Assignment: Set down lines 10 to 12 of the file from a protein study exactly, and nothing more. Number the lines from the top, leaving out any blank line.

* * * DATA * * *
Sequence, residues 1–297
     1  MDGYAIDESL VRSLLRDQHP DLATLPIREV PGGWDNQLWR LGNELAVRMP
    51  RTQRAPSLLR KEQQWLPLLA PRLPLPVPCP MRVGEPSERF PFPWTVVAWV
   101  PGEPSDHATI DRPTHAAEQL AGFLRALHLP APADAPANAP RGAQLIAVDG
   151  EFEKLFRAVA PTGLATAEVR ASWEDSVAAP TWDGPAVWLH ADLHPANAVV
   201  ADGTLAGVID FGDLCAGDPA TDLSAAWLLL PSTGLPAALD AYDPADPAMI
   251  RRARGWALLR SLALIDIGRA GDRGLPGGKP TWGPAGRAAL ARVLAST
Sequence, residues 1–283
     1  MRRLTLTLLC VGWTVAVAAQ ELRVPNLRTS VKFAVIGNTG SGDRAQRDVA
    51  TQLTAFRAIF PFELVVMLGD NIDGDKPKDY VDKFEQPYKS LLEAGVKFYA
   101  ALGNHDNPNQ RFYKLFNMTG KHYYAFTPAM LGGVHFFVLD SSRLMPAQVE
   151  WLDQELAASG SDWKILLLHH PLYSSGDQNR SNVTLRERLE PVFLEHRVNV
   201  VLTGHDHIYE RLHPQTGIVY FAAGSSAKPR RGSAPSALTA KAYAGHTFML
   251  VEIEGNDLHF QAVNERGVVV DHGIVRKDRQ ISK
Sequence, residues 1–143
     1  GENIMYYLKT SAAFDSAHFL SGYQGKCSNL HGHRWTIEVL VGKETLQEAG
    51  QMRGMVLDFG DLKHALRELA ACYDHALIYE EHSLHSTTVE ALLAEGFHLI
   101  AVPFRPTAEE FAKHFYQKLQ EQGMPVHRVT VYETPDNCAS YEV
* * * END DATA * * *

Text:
    51  TQLTAFRAIF PFELVVMLGD NIDGDKPKDY VDKFEQPYKS LLEAGVKFYA
   101  ALGNHDNPNQ RFYKLFNMTG KHYYAFTPAM LGGVHFFVLD SSRLMPAQVE
   151  WLDQELAASG SDWKILLLHH PLYSSGDQNR SNVTLRERLE PVFLEHRVNV